Some of our customers are doing such important, innovative, and amazing things with their spaces online that we can’t help but ask them to share their secrets.
Inefficiency.sucks is a blog written by Minneapolis-based tech start-up Operation Incredible, co-founded by Veronica Cary. By snagging the eye-catching and memorable domain name for their blog, Veronica and her co-workers are able to dole out their unique and creative brand of technological tips and tricks that aim to make your life more efficient.
We chatted with Veronica about Operation Incredible, the inefficiency.sucks blog and the lessons she has learned from being an entrepreneur.
What is Operation Incredible’s story?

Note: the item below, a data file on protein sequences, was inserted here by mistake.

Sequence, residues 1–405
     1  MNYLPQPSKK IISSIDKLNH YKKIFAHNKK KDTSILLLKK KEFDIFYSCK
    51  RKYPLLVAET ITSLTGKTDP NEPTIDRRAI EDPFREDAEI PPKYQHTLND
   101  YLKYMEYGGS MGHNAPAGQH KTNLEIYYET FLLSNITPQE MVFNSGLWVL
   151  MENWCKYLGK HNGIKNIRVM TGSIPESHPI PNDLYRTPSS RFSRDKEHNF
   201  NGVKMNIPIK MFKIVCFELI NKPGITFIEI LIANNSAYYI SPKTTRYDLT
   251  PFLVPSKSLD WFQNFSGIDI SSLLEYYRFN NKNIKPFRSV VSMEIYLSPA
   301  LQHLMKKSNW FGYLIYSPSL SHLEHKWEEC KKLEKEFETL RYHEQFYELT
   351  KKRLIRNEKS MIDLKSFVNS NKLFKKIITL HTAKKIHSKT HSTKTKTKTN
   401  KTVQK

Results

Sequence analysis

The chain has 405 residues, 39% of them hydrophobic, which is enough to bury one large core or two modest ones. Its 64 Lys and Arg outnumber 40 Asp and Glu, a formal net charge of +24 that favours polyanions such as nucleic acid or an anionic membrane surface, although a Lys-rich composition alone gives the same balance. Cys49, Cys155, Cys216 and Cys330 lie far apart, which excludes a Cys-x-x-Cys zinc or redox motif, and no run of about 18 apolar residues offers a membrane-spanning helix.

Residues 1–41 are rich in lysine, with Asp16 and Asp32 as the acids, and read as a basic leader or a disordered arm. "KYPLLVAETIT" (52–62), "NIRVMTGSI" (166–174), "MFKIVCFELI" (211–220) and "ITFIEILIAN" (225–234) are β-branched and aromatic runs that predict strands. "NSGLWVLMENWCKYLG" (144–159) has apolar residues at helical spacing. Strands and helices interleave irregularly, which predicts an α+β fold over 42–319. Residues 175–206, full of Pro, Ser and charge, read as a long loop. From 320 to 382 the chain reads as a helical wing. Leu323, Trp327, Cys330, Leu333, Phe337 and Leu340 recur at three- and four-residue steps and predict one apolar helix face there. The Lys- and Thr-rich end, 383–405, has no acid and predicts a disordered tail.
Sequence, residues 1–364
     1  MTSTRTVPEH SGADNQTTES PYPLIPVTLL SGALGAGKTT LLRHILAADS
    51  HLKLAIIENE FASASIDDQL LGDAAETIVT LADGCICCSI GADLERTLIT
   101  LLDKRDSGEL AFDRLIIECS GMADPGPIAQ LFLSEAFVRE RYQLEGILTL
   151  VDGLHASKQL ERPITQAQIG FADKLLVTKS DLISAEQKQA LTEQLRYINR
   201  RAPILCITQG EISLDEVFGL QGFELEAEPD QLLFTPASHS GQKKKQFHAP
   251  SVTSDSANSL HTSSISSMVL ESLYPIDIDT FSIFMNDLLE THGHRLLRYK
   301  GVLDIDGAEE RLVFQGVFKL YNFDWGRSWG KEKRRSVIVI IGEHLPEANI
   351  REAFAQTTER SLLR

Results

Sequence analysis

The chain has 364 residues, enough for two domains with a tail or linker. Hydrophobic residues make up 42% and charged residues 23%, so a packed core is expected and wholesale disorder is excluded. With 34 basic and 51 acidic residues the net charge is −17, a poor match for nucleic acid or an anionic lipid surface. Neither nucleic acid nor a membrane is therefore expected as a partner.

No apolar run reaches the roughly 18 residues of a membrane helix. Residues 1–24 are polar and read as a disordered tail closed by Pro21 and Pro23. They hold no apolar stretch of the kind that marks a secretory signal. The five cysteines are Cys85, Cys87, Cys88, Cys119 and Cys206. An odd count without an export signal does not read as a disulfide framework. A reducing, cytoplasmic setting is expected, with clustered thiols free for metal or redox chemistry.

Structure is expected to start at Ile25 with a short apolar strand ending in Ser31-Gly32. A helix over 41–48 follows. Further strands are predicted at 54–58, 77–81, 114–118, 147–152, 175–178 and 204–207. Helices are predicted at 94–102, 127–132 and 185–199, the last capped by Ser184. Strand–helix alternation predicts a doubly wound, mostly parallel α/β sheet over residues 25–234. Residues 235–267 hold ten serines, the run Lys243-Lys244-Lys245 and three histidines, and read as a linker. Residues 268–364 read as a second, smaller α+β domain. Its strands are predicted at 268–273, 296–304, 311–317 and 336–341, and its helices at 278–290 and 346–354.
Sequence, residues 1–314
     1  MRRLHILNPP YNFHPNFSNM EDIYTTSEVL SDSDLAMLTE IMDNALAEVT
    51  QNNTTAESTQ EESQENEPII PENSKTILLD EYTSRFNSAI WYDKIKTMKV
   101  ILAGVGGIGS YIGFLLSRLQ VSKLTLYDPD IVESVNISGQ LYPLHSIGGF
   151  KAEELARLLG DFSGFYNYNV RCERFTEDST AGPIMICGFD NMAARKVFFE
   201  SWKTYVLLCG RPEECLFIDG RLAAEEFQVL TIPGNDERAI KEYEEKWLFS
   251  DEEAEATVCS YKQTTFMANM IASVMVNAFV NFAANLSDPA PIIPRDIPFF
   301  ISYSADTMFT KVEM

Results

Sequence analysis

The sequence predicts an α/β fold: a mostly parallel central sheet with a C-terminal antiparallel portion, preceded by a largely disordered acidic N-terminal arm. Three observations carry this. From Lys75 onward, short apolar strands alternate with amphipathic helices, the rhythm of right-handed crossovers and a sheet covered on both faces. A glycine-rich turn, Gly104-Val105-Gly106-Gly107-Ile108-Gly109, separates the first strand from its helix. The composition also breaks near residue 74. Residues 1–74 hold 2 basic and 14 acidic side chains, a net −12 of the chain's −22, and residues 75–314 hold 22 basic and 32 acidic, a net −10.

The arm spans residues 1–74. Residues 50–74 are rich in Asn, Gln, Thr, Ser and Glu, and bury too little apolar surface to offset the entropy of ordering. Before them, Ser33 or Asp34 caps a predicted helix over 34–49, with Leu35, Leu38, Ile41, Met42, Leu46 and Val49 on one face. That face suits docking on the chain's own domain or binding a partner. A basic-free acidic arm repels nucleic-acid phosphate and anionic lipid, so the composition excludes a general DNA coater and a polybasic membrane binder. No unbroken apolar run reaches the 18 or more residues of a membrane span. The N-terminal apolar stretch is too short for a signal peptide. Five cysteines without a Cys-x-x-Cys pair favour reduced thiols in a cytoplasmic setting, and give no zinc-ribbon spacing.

We are a new company that makes websites and web applications primarily focused around government. We cater to a group of people who are currently using ancient technology and are really struggling with it. It was a natural extension of us being bummed about the quality of technology that we had available to us at our jobs, so we decided to start making our own.
The inefficiency.sucks blog came out of me wanting to create something full of tech tips for human services staff at my day job. I wanted to build a blog to help them navigate through seemingly-complex tech stuff — even just how to use Outlook or how to format a Word document. Ultimately, my day job nixed the idea and said they didn’t want me to do it, so we just did it on our own. That’s where inefficiency.sucks came from!
How did you decide on the name of your blog?